While some scholars have argued that environmental regulatory pressures constrain organizations’ financial opportunities, others maintain that environmental regulations can spur product and technology innovations and encourage greater operational efficiencies. Advocates on both sides have evidence in support of their positions. However, when considering both perspectives in tandem and recognizing that other factors (which are correlated with a company’s environmental performance) may be associated with improved financial performance, we may find that neither position is valid or both are. Relying on OECD data for manufacturing facilities operating in Canada, France, Germany, Hungary, Japan, Norway, and the United States, this study shows that more stringent environmental policy regimes are related to diminished firm profits. Yet, organizations that are motivated by a green production focus (i.e., enhancing internal efficiencies and new product and technology development) are more likely to improve their environmental performance. They also demonstrate a greater probability of benefiting financially, thereby offsetting the cost of regulation or accruing a net gain.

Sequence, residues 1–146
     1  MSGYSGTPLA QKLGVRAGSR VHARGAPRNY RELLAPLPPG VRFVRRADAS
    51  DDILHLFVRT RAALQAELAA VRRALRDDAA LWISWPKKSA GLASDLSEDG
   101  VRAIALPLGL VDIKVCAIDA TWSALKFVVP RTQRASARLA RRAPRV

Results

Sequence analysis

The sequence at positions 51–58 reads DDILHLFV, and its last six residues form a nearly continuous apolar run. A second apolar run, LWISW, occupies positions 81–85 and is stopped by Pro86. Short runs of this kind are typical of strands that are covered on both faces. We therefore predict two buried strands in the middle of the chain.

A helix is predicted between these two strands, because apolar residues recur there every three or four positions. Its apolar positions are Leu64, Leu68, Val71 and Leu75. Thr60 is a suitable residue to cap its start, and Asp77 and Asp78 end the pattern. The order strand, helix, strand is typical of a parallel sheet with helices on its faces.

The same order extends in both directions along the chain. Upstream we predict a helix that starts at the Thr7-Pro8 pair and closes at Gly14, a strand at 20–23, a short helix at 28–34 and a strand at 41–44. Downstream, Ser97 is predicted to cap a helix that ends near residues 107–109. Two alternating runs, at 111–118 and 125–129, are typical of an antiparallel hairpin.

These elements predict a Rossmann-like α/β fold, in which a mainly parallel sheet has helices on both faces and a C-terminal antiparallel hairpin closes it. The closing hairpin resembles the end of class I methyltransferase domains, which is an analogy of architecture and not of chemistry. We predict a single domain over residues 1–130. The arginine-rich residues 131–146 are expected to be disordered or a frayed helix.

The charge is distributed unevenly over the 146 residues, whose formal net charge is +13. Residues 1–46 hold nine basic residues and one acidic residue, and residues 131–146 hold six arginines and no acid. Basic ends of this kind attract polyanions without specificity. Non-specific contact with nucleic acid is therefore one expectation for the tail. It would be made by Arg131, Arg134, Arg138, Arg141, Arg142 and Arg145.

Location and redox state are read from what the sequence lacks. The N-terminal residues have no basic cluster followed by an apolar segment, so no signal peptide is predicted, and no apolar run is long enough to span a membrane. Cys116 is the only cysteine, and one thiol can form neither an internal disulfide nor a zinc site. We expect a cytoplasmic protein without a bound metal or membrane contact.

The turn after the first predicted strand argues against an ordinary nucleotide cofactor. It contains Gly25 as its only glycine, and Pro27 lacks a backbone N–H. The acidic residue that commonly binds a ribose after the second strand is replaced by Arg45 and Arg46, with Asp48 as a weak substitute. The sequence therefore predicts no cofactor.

Darnall N. 2009. Regulatory stringency, green production offsets and organizations’ financial performance. Public Administration Review 69(3), 418-434.